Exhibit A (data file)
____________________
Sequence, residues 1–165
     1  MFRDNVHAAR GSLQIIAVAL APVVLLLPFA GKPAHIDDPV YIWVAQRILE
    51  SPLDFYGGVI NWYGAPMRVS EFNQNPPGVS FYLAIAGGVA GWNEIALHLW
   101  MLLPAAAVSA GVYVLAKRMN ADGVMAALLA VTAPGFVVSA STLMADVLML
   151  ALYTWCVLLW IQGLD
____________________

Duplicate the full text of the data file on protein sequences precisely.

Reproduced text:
Sequence, residues 1–165
     1  MFRDNVHAAR GSLQIIAVAL APVVLLLPFA GKPAHIDDPV YIWVAQRILE
    51  SPLDFYGGVI NWYGAPMRVS EFNQNPPGVS FYLAIAGGVA GWNEIALHLW
   101  MLLPAAAVSA GVYVLAKRMN ADGVMAALLA VTAPGFVVSA STLMADVLML
   151  ALYTWCVLLW IQGLD